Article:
WASHINGTON – On July 27, the U.S. military appealed a federal appeals court’s decision to toss out a conspiracy conviction against Osama bin Laden’s personal secretary and detainee at Guantanamo Bay, Cuba, saying the ruling could jeopardize key terrorism prosecutions that are currently underway.
In a 2-to-1 decision this June, the United States Court of Appeals for the District of Columbia dismissed the judgment against Ali al-Bahlul, who was convicted in a military commission proceeding of conspiracy to commit acts of terrorism. The court found that offenses like conspiracy, which are not recognized as international war crimes, must be tried in domestic courts, where evidentiary standards are higher and proceedings are public.
This goes against the Military Commissions Acts of 2006 and 2009, signed by Presidents George W. Bush and Barack Obama, respectively.
The court found that “it was beyond Congress’ power,” Chief Prosecutor Brig. Gen. Mark Martins said at a media briefing, “to make conspiracy, inchoate conspiracy, triable by a military commission.”
Martins was in Guantanamo Bay, Cuba earlier this month for another detainee’s pretrial hearings.
When the military appealed last month, it asked the full court, as opposed to a three-judge panel, to rehear the case.
The military argued in its appellate brief that the court should hear the appeal, in part, because its decision overrode the authority and judgment of two presidents and two Congresses.
The ruling dismissed relevant Supreme Court concurring opinions, including Justice Kennedy’s note in Hamdan I that Congress, not the court, is in a better position to determine the “validity of the conspiracy charge.”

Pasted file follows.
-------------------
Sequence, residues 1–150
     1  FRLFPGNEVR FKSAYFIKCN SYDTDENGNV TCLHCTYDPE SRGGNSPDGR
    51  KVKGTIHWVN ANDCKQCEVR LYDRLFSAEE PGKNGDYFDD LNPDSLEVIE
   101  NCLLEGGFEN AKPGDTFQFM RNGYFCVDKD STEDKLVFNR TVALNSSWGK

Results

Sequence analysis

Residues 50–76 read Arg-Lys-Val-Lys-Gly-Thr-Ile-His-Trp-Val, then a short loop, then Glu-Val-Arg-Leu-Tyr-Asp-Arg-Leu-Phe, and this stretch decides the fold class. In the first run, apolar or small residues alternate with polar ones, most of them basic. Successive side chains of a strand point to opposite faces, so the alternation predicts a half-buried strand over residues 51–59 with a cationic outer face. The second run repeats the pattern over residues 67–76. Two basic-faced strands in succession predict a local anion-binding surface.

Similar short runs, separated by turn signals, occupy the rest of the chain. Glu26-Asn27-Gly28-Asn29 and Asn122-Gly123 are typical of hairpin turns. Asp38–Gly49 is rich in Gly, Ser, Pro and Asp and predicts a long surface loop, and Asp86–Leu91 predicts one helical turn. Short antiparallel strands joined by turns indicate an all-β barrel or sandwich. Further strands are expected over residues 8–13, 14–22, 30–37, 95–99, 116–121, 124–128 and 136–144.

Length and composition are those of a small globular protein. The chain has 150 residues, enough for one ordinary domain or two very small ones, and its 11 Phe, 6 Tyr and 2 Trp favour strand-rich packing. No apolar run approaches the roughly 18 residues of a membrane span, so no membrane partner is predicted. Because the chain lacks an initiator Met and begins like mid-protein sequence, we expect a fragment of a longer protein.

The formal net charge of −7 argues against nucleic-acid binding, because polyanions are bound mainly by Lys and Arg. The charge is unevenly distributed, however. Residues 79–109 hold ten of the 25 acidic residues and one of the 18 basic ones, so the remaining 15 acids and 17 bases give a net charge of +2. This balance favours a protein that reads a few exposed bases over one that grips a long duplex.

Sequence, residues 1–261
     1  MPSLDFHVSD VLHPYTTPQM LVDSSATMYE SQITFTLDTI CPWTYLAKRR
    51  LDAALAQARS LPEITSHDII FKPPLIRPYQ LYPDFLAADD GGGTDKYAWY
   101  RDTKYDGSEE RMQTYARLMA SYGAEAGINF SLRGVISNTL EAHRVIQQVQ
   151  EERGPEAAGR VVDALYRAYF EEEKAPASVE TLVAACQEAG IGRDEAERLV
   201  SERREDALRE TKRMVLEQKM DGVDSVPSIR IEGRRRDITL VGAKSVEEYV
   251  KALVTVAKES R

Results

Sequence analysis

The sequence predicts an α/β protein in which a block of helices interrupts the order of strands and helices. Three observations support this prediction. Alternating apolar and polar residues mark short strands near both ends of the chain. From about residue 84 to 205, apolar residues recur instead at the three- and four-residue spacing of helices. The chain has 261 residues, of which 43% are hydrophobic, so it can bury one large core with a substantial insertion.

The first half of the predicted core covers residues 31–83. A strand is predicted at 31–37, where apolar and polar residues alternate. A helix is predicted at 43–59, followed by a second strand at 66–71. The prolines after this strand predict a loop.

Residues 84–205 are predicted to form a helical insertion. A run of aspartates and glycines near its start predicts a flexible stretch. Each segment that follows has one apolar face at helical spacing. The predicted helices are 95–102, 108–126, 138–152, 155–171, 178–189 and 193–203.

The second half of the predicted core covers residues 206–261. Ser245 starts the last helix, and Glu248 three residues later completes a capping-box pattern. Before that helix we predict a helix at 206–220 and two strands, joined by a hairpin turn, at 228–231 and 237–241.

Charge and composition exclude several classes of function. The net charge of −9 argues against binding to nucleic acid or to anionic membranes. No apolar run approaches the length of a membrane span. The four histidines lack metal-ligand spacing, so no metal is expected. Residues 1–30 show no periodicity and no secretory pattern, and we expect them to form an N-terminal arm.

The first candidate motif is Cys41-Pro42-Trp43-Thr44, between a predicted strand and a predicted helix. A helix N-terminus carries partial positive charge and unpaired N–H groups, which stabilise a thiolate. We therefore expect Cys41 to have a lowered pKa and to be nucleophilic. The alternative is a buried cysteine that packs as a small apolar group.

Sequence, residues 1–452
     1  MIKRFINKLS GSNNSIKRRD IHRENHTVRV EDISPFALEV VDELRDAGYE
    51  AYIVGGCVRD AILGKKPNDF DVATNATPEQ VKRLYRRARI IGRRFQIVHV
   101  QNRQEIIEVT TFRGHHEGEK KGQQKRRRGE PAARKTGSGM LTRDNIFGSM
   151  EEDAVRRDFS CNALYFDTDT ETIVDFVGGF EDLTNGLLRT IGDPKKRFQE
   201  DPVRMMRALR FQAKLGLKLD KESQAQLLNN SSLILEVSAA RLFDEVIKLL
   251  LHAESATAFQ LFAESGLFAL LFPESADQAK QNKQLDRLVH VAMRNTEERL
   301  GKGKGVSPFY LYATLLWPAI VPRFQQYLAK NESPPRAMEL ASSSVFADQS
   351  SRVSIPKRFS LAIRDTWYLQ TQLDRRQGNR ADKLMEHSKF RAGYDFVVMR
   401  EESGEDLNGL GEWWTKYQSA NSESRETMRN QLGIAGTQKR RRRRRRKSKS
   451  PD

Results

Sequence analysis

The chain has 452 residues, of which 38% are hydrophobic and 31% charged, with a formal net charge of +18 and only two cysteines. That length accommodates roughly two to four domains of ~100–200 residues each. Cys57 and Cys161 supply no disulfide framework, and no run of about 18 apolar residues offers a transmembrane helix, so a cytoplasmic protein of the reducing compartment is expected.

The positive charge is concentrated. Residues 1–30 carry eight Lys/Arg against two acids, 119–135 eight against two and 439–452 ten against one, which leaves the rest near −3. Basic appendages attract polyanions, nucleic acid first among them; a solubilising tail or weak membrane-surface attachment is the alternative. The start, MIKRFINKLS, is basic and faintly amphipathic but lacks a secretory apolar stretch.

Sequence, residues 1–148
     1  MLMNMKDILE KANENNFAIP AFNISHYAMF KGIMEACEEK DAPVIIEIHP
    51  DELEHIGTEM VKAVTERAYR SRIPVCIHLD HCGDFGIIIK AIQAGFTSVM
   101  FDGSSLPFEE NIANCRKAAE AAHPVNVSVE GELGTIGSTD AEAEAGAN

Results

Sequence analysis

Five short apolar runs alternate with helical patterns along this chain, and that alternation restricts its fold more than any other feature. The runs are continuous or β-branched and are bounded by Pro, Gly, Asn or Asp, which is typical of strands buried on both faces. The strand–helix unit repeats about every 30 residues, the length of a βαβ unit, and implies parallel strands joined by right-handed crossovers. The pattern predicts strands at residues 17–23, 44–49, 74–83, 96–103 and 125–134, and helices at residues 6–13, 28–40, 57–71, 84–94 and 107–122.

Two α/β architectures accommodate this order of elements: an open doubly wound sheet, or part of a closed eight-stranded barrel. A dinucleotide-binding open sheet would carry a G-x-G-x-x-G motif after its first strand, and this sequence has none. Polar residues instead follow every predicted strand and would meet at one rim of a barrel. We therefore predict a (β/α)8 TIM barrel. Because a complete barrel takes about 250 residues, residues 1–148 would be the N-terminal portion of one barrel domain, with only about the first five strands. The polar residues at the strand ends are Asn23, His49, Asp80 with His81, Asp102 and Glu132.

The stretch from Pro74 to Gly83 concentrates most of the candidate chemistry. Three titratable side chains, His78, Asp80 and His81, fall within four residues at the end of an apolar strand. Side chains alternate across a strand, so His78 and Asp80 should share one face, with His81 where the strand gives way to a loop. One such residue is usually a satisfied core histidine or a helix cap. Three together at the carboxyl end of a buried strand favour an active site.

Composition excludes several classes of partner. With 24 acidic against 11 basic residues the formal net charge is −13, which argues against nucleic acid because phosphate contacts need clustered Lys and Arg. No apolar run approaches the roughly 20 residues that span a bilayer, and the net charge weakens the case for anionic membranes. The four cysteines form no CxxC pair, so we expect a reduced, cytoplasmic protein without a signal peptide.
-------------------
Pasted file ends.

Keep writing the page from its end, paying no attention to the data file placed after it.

The military also pointed out that those who conspired to kill President Abraham Lincoln and the World War II Nazi saboteurs, for example, were convicted in military commissions.
In this case, the accused published various recruiting materials, including a video celebrating the bombing of the USS Cole and transcriptions of the 9/11 pilots’ “martyr wills,” which are propaganda statements released by terrorists before a suicide mission.
Bahlul’s only regret — not being a key player in the 9/11 attacks — stated explicitly in the military’s appellate brief, was not disputed.
In 2008, the military commission sentenced him to life in prison. The U.S. Court of Military Commission Review affirmed the finding in 2011 before the D.C. Circuit Court of Appeals overturned it in June.
“There is a pretty strong principle that we don’t litigate stuff ahead of the judge,” Brig. Gen. Martins said, confirming that the Court’s decision would be an issue in upcoming military hearings, though he would not give any specifics.
In 2014, Martins charged Abd al Hadi al Iraqi with conspiracy to commit acts of terror. Hadi is considered a high-value detainee, and is accused of planning and ordering attacks that killed at least eight U.S. service members in Afghanistan.
Hadi’s pre-trial hearings are scheduled to resume in August but a trial date has not been set. Martins said he did not know whether or not Navy Capt. J.K. Waits, the judge presiding over Hadi’s case, would wait to apply the Bahlul finding until after the appeals process is final.
While both Bahlul and Hadi are being held in Guantanamo, President Obama is reportedly in the final stages of closing it down, as he promised to do in his campaign for president back in 2007.